Image Image Image Image Image Image Image Image Image Image

Mace & Crown | March 22, 2018

Scroll to top


No Comments

Why Vote?

Why Vote?

David Thornton

Copy Editor

A distressing trend has emerged amongst Virginians, and students at ODU are no exception. With the election for all 140 state legislature seats less than a month away, very few Virginians are aware, and even fewer are likely to vote. Yet students have the capacity to influence major change in the state legislature if they become engaged, organized and actually vote.

According to a recent poll from Christopher Newport University, “only 41 percent of voters say they have given quite a lot or some attention to the upcoming elections, while 58 percent say they have given little or no attention. Only 34 percent of voters say they have followed news about the candidates for House of Delegates and Virginia Senate, while 66 percent say they have not followed news very closely or at all.”

Voter turnout during non-presidential elections has been fairly low in Virginia for the past 20 years. Since 1995, the amount of registered voters that actually cast ballots in off-year elections averages around 40 percent. The CNU poll projects turnout this year to be around 26 percent.

This is distressing because, while national elections may get more public attention, the Republican-controlled Congress is gridlocked and at odds with a Democratic president, making policy reform on the national level extremely difficult at best. Meanwhile, state legislatures are frequently the battleground for social and financial issues, and this is where policy that most directly affects the average citizen is made.

When the federal government can’t or won’t step in, states are where decisions occur. Recent policy battles that are being decided in state legislatures across the country include gun controlmarijuana legalizationabortion rightsMedicaid expansion and higher education, among many others.

Adding fuel to the fire, the 2015 Virginia legislative session will be a budget year, meaning state representatives will be deciding exactly how much money will be devoted to each issue.

“What you’re going to see in this coming session is all sorts of people standing in line fighting over every last dollar. It’s intense,” Stephen Heretick, the Democratic candidate running unopposed for the 79th district of the House of Delegates, said. The 79th district includes part of ODU’s campus, and much of the Lambert’s Point neighborhood.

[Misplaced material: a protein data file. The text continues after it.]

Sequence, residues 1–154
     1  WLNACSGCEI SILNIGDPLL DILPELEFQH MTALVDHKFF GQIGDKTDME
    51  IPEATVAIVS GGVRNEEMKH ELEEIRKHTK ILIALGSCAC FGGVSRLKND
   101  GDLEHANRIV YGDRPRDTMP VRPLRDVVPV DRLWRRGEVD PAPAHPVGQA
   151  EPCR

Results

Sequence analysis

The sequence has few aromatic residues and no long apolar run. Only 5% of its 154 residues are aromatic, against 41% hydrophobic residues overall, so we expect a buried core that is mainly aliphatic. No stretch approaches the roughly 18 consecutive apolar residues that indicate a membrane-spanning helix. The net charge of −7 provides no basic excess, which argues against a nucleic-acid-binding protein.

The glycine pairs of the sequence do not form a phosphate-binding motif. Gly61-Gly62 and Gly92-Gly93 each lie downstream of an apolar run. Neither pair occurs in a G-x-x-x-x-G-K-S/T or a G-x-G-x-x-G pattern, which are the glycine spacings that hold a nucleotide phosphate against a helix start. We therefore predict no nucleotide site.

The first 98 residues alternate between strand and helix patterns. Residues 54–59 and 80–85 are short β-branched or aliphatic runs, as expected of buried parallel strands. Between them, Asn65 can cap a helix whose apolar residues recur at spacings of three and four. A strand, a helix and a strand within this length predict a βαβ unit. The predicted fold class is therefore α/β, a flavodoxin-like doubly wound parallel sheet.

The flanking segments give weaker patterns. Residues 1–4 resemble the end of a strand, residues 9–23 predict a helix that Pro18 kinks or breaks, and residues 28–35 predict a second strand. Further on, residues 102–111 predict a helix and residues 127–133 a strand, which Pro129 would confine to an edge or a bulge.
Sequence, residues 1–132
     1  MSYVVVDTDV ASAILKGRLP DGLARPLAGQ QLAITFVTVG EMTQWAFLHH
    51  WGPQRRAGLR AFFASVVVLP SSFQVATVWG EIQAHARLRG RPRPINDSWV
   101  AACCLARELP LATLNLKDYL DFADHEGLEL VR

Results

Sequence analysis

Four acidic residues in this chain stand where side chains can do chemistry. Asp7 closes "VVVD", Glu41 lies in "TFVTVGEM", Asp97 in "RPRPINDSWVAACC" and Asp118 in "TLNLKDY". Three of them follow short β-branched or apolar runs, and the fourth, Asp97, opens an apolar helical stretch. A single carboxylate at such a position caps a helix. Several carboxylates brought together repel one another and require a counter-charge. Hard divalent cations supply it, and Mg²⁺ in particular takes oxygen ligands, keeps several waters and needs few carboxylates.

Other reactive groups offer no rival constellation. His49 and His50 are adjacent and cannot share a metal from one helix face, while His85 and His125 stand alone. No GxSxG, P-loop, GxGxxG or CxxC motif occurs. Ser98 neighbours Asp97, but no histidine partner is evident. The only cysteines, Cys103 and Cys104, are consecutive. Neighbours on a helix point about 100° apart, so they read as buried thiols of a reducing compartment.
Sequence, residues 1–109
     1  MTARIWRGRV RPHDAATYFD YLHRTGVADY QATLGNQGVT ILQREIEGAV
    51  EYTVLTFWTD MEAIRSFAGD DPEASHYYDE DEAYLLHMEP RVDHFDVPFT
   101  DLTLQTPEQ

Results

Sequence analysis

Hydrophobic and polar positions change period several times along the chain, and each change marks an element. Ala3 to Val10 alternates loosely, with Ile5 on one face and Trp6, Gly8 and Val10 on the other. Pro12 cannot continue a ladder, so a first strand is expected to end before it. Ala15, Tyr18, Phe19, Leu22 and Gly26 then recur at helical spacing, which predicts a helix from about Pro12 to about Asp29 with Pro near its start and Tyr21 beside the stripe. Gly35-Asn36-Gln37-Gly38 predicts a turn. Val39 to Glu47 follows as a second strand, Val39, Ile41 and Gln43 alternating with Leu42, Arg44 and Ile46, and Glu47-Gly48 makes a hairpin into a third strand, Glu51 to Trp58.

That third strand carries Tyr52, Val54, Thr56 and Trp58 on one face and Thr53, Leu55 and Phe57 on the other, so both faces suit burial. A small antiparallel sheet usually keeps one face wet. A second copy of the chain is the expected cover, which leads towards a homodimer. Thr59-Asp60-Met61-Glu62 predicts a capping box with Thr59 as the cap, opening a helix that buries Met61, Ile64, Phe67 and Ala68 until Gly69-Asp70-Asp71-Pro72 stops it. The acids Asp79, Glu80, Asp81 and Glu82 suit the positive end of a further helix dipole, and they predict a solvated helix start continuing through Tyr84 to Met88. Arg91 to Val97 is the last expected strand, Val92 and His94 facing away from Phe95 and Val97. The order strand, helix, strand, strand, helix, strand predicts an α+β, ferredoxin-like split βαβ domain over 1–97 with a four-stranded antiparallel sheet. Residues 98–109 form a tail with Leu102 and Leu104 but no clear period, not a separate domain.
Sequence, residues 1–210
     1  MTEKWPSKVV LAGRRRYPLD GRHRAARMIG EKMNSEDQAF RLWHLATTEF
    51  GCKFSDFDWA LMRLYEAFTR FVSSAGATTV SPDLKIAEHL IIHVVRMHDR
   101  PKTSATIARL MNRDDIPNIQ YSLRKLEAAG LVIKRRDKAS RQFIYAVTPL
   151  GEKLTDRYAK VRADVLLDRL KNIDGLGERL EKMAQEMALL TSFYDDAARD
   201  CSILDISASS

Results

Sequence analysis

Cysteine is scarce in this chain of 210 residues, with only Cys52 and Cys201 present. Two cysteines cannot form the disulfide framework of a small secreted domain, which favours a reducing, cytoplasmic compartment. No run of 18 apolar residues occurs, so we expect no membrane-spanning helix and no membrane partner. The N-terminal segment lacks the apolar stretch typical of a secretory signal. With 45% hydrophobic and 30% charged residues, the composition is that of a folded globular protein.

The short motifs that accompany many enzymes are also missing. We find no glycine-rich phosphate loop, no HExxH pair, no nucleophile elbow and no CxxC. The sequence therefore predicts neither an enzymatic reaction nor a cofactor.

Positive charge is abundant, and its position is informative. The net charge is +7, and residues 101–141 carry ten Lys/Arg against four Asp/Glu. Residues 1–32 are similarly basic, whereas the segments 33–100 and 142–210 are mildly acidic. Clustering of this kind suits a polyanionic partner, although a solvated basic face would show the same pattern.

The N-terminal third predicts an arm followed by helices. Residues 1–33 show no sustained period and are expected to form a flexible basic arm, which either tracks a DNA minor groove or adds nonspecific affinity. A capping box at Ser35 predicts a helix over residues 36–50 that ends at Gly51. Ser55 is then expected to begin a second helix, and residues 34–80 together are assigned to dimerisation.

Jesse Richman, associate professor of Political Science at ODU, said that unless the current balance of power shifts in the Virginia legislature, most of these social issues won’t be debated.

Currently, the Virginia Senate has 19 Democrats and 21 Republicans, and the House of Delegates has 33 Democrats and 67 Republicans. Although Republicans control the state legislature, they are up against a Democratic governor with veto power, making Richmond a microcosm of embattled Washington politics.

According to Richman, one of the major financial battles will be over education, and Heretick agrees. “You’re going to be hearing a lot of talk about education,” Heretick said. He pointed out that education is one of the first things to get cut every year. “You guys feel the brunt of the political games being played in Richmond,” he said.

According to Richman, the state budget will face significant challenges in 2015, which may lead to more cuts. “The state faces ongoing budgetary headwinds from weak federal spending,” he said. He added that recent layoffs, including Newport News Shipbuilding and BAE systems, two shipyards and major local employers, could start affecting the state budget.